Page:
I have my next half in just a couple of weeks. And then I'm really not certain about the rest of my racing year. I've signed up for Sydney marathon in September but I'm tossing up with dropping back to the half for a couple of reasons. I've got a minor toe issue. A tendinopathy of the
extensor-something-or-other-scientificky-sounding of my big toe. I don't think running's making it worse but it's not making it better and I'm not quite sure how it'll hold up to the stupid long runs ahead.

And then there's the whole sub 1:40 thing that didn't happen at the Gold Coast. I don't think I'll get it in the Brisbane half because it's a hillier course than Gold Coast and I truly suck at hills. Sydney is supposed to be flatter this year and I've run some good times there on the old, slightly hilly course in the past. And then, if I don't hit the time in Sydney there's always Melbourne a month later. And Melbourne is a pretty flat course. I'm not the fastest recoverer from marathons in the world so there's no way I could attempt a pb if I ran the Sydney full.

So I have a quandary. And I'm vacillating on the best option. And I really should decide sooner rather than later. What would you do?

Sunday, July 3, 2016

The Elusive 1:40 Half Marathon

Everything had gone well leading into Gold Coast half marathon. Training had gone well. Tapering had gone well. And my headspace was, well - fabulous, as was my outfit. I knew what I had to do. I knew it'd be tough. But I was going to give it a good shot. And not beat myself up if I didn't reach my goal. I even had a personal pacer/mobile cheersquad of one, Elio, to keep me company when the going got tough. It was as good a time as any to go for my sub 1:40.

Sunday saw me on the start line with 8781 other runners huddled in the pre-dawn cold. Perfect weather conditions. A good starting spot - not too close but not too far back and just in front of the official 1:40 pacer. Pondering whether I should have braved the horrendously long toilet queue for one last nervous wee but knowing it was too late so best stop thinking about my bladder because I'm sure I really didn't need to go again. Well, almost sure.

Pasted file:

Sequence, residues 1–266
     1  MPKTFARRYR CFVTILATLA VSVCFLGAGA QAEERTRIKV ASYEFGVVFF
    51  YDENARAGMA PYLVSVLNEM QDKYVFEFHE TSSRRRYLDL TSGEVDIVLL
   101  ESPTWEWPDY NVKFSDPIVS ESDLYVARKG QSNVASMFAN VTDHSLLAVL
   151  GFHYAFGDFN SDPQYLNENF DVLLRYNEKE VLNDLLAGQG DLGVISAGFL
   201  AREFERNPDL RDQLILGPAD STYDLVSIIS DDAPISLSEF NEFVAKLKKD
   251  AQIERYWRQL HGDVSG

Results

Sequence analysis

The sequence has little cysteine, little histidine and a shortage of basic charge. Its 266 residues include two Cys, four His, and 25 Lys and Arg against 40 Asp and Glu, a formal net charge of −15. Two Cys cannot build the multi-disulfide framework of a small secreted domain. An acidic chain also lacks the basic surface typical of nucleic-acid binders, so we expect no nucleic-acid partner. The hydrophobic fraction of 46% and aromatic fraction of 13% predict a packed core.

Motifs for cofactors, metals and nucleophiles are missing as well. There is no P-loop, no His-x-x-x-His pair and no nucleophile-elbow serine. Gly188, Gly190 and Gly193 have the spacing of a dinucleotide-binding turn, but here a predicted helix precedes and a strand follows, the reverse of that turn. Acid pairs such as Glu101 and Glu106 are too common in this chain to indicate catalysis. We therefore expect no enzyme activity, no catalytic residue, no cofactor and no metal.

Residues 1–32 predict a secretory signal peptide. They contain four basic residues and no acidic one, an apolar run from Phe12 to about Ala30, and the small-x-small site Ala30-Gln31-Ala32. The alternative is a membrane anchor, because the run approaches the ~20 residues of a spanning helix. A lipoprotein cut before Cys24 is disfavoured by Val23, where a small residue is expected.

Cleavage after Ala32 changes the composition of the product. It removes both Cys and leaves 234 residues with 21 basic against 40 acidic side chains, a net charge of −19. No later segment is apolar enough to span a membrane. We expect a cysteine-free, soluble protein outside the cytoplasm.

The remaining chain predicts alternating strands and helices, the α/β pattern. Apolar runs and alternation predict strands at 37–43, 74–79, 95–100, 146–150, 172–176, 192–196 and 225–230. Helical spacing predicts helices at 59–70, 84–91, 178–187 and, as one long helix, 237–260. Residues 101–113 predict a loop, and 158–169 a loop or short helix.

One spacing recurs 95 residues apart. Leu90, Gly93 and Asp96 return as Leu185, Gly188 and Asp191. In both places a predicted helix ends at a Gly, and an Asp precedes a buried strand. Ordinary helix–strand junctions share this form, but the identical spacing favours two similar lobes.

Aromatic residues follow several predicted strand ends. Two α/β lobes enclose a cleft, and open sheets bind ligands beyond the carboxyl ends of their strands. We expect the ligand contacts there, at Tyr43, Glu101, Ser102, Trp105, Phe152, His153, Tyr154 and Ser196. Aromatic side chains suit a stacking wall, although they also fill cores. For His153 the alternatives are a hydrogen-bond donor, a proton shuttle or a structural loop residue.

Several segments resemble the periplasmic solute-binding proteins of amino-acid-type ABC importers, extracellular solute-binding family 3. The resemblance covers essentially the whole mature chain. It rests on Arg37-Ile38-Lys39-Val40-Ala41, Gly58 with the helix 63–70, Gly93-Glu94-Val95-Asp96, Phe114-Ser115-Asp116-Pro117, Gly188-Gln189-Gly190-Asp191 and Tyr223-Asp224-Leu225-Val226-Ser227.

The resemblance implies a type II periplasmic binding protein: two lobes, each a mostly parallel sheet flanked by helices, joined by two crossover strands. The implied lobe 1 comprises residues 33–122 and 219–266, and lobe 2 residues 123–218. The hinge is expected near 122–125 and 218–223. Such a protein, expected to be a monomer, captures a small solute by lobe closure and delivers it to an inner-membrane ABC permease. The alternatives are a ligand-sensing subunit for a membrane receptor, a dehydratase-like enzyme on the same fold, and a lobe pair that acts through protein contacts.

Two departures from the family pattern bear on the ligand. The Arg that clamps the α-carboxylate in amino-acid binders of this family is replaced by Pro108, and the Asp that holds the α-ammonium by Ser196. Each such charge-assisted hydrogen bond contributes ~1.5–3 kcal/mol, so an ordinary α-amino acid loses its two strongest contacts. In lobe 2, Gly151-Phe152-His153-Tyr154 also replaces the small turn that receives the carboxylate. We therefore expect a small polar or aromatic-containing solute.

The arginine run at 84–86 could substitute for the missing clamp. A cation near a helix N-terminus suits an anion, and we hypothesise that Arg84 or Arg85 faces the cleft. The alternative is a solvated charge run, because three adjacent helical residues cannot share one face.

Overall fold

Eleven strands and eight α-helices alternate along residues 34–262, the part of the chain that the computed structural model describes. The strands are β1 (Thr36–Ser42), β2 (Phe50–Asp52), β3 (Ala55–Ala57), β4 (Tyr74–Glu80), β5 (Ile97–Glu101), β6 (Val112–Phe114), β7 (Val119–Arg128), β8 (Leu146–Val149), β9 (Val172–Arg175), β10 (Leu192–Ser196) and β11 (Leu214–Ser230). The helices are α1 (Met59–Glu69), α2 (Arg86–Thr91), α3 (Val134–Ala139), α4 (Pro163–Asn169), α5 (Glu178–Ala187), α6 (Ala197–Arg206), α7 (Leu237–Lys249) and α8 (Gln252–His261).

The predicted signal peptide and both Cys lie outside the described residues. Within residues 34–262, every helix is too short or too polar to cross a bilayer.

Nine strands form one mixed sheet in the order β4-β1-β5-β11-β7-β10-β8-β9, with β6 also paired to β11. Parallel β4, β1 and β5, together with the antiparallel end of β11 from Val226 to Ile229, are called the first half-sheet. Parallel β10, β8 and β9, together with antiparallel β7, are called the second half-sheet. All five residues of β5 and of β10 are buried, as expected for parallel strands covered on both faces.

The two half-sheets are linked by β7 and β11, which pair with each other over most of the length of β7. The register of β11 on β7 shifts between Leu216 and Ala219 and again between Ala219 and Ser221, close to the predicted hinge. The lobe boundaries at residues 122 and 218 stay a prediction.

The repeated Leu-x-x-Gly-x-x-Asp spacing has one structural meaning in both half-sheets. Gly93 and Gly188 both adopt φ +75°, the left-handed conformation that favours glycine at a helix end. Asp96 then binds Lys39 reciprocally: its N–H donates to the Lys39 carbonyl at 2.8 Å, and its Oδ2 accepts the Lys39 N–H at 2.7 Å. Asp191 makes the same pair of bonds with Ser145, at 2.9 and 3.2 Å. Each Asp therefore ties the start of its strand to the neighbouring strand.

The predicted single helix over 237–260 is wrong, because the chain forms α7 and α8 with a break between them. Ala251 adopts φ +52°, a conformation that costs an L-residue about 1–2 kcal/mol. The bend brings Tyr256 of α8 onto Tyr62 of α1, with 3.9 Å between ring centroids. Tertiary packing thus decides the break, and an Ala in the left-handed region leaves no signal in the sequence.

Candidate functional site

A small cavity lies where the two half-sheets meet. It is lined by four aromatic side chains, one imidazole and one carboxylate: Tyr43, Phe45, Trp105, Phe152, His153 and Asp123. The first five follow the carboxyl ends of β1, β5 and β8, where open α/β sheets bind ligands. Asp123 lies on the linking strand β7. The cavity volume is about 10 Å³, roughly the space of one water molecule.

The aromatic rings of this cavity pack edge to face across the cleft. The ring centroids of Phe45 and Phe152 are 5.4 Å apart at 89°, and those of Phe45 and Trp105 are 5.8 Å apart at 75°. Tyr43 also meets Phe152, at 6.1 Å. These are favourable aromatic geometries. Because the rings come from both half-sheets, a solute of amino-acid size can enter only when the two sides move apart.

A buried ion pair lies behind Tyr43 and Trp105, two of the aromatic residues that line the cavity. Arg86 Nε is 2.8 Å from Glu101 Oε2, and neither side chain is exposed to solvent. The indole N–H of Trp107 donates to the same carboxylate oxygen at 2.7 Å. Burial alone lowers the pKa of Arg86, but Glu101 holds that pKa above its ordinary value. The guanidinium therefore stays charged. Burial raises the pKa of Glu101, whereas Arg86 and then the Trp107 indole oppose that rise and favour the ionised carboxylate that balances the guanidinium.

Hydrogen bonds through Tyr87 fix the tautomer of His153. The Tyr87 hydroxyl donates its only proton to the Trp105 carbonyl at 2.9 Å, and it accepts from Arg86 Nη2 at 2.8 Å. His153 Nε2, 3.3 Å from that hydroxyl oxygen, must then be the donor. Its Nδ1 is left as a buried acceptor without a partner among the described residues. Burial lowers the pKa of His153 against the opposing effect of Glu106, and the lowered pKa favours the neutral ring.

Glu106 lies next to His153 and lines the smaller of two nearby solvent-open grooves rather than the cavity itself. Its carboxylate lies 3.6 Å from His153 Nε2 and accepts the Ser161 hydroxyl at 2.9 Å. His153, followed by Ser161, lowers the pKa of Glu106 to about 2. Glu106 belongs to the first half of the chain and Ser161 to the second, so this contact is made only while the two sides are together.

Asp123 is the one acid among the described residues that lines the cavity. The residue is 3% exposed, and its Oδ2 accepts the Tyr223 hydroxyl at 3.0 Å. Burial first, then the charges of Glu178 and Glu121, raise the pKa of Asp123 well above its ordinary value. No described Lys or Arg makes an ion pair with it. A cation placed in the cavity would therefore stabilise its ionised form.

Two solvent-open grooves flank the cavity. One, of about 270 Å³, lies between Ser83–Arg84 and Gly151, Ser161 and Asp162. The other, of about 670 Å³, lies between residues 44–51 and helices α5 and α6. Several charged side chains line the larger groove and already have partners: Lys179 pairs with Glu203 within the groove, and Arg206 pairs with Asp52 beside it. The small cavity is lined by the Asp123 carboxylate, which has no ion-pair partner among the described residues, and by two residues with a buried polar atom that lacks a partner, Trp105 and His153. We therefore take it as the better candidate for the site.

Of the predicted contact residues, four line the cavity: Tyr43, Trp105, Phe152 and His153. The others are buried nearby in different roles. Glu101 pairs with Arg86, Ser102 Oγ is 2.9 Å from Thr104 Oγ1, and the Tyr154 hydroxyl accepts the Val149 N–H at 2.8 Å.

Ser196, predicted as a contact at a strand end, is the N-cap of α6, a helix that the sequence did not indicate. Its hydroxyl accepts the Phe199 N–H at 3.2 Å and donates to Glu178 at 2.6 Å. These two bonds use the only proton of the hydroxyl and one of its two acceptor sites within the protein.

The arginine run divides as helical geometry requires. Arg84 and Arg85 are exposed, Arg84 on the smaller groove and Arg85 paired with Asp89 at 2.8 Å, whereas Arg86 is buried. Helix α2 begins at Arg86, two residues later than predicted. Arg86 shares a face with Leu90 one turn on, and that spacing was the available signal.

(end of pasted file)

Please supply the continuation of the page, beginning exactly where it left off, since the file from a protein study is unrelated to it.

And while I was pondering the vagaries of my bladder the time had ticked down and we were off. My bladder could wait. There were bigger issues at hand. My magic number was 4:44 and I had to hit that 21.1 times before I could stop.

Kilometre 1 - 5:01. Lots of traffic. No room to just run. Keep moving. It'll clear soon.

Kilometre 2 - 4:40. Right where I need to be. Running strong but not too hard.

Kilometre 3 - 4:40. Lock in this pace and try to stick it a few more times.

Kilometre 4 - 4:38. Oops a little fast. Didn't mean to get any in the 30s but on the up-side the first kilometres deficit is nearly gone. Slow down a bit next kilometre. Don't want to crash and burn too soon. Actually, don't want to crash and burn at all.

Kilometre 5 - 4:36. Oops again. But seriously, slow down!

Kilometre 6 - 4:42. Yep, that's more like it. Don't think about how far you have to go. Just keep running. Those kilometre markers are ticking down nicely and you're feeling strong.

Kilometre 7 - 4:40

Kilometre 8 - 4:42. Another oops but this time it was almost a trip on a speed bump. Traffic calming measures aren't great for racing. Especially for runners who are economical with their vertical oscillation. A little bit of excitement for a moment but good recovery.

Kilometre 9 - 4:40

Kilometre 10 - 4:44. Bang on the magic number finally and almost halfway done. Still feeling okay - tired but not too tired. There's still a few good kilometres in me yet.

Kilometre 11 - 4:40. Yay, we're over halfway. On our way back to the start. This is just like my tempo runs on tired legs. I can do this.

Kilometre 12 - 4:54. Damned traffic calming speed bumps! One second I'm running along and the next second I'm flying. Then the next second I'm flat out on the road. Like a felled tree. I've never been a graceful faller. Elio retrieved my visor and helped me up. Did a mental checklist of moving parts on the run. A couple of sore spots, shoulder and the side of my calf, and a nice trickle of blood down my forearm but nothing to stop me running. Only lost a little time. My race is not over yet.

Kilometre 13 - 4:46. The running's feeling tougher now. That fall and the adrenalin rush knocked the stuffing out of me. Time to bring in the mental big guns. You want this. You can do it. More hard-core points if you can do it with visible blood.

Kilometre 14 - 4:43. 2/3 done. Only 7 to go. Just keep running. One k at a time. The quicker you do them, the sooner you can stop.

Kilometre 15 - 4:46. Glad I banked a bit before I fell over to cover the couple of extra seconds.